It’s late Spring and I’m already thinking about my gardens Fall blooms (perennials). Why? Because what I do now will give me compact flowering plants in Fall such as Asters, Sedum and Chrysanthemums!
For behold the winter is passed;the rain is over and gone. The flowers appear on the earth, the time of singing come, and the voice of the turtledove is heard in our land.” Song of Solomon 2:11-12
Many late flowering (fall) plants benefit from being cut back before they bloom. These late bloomers will have fuller and more compact habit, less need for staking (if needed) and staggered bloom time if desirable.
Cutting back staggers the blooms giving a longer blooming season. Instead of some of my perennial blooming ALL at once I want to stagger the bloom season to have longer periods of bloom flush and for less staking. This is done by cutting back.
Cutting back autumn-flowering plants for height control is normally done in mid-to-late June in the Midwest, generally when plants are 12 to 16″ tall. Most of the time the plants be be cut back by one-half, but you can prune back by two-thirds or more depending on the plant and what you want.
For mums (as well as many other plants and shrubs), cutting off the top of a stem encourages the plant to grow two stems in its place, which will in turn create more flowers. A plant’s main goal in life is to reproduce. Sure, we find the flowers pretty, but to a plant, flowers are only a means to an end: to create seeds to reproduce.
Asters are one of the first autumn-following plants that the cutting back method can be used. Asters can be pinched (using your fingers) back, but respond well to cutting (using pruners) back too. I cut then back these beauties by 1/2 or 2/3 when the plants are 12-16″ tall is been more effective for me than pinching back.
Cut back the fall-flowering perennials by one-half to two-thirds in early summer for height control and bushier flowering I think to cut mine shorter on outside ends like diagram on the right. Once cut back the Asters flower at 3 feet or so.
There are some Asters that don’t require cutting back, one is Aser tataricus ‘Jin Dai”, only reaches 4’ tall and blooms mid-October. Aster naval-angiae ‘purple dome” is a lower growing aster.
Sedum ‘Autumn Joy’
Sedum Autumn Joy can be pinched for height control but also cut back by one-half in the spring when the plant is 8″ tall (in Midwest this is usually in the first week in June). Plants will have more but smaller flower. If you Sedum is in partial shade will prevent it from flopping.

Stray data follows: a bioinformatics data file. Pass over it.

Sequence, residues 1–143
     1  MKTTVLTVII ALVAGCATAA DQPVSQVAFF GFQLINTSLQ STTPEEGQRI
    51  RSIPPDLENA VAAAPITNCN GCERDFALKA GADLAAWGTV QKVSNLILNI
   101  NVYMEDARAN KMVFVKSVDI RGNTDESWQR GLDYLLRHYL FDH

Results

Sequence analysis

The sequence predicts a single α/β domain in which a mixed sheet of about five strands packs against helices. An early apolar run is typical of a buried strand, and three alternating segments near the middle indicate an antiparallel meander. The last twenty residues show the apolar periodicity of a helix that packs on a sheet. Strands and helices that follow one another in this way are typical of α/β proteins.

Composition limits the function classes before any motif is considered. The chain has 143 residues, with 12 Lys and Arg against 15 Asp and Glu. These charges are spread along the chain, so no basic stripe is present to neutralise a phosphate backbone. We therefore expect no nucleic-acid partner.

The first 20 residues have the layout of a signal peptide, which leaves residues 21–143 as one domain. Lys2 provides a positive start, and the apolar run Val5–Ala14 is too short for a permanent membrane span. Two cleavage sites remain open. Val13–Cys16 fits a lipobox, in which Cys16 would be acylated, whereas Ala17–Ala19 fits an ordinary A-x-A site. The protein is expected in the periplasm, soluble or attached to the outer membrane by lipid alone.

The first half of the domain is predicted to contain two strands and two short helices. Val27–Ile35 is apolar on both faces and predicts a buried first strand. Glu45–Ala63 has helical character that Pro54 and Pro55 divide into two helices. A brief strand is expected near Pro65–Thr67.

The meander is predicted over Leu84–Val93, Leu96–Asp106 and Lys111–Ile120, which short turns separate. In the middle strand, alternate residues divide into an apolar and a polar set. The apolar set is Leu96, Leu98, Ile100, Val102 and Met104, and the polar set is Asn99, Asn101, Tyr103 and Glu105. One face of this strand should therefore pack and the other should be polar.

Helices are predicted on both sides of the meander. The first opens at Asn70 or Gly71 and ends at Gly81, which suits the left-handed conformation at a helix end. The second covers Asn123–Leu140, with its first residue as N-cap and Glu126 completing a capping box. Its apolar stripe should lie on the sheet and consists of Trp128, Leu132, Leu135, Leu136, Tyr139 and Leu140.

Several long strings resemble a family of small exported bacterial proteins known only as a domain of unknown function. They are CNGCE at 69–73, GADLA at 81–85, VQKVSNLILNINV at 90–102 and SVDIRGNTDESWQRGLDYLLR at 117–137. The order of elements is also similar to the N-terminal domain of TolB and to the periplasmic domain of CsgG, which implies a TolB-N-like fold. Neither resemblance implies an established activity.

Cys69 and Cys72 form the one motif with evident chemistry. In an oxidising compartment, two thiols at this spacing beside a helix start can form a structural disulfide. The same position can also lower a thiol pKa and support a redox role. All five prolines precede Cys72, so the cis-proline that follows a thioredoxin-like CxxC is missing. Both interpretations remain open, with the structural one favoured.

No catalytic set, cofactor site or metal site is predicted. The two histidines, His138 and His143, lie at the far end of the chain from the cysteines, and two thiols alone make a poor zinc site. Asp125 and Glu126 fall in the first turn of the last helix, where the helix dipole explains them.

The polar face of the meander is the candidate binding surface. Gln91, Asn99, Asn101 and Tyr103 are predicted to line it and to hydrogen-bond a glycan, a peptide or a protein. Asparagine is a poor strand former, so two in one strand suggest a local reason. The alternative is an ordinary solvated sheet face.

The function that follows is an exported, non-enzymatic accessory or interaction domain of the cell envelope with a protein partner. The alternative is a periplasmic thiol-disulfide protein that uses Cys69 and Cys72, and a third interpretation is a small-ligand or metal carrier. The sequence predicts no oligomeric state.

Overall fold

I think most gardeners think of chrysanthemums with pinching, but cutting back is just as effective. Mums can lack hardiness but mums and pruning go hand in hand. Pinching/cutting back before flowering will create more compact plants, which in turn bloom more numerous with smaller flowers. Natural low growing forms don’t need pruning.
***Pinching/cutting back can prevent blooming if done to late in the summer.
Cold climates (over-wintered) mum pinching/cutting back can be done when plants are 6″ tall (May) and again every 2-3 weeks UNTIL mid-jury. Stopping in mid-July will ensure blooming.
New mums that your’ve planted in Spring should be pinched back a few weeks after planting and again every 2-3 weeks. The cut off date for pinching depends on where you live and type of mum you have. Mums need several weeks to set buds after the final pruning.
Most early season mums, what most garden centers carry, and in gardens North of the mason-dixon line (colder than zone 6) pinching should not be done later than mid-jury. If you live in the midwest, for later blooms in October (which I like) rather than September.
In the South pinching can go as late as mid-august for late-blooming ones.
Sometimes I like to take the easy way since there’s so much to do in the garden! I shear the plants once by one-halfl or two-thirds in early to mid-june. In the south a second shearing ay be necessary for the best results.
***Since mums hardiness is iffy, DO NOT prune mums before winter, leave the the plants up until the next Spring when the threat of all cold weather is over, and prune then. Doing this greatly improves their overwintering survival!
I hope this will help you to have gorgeous fall bloomers in your garden.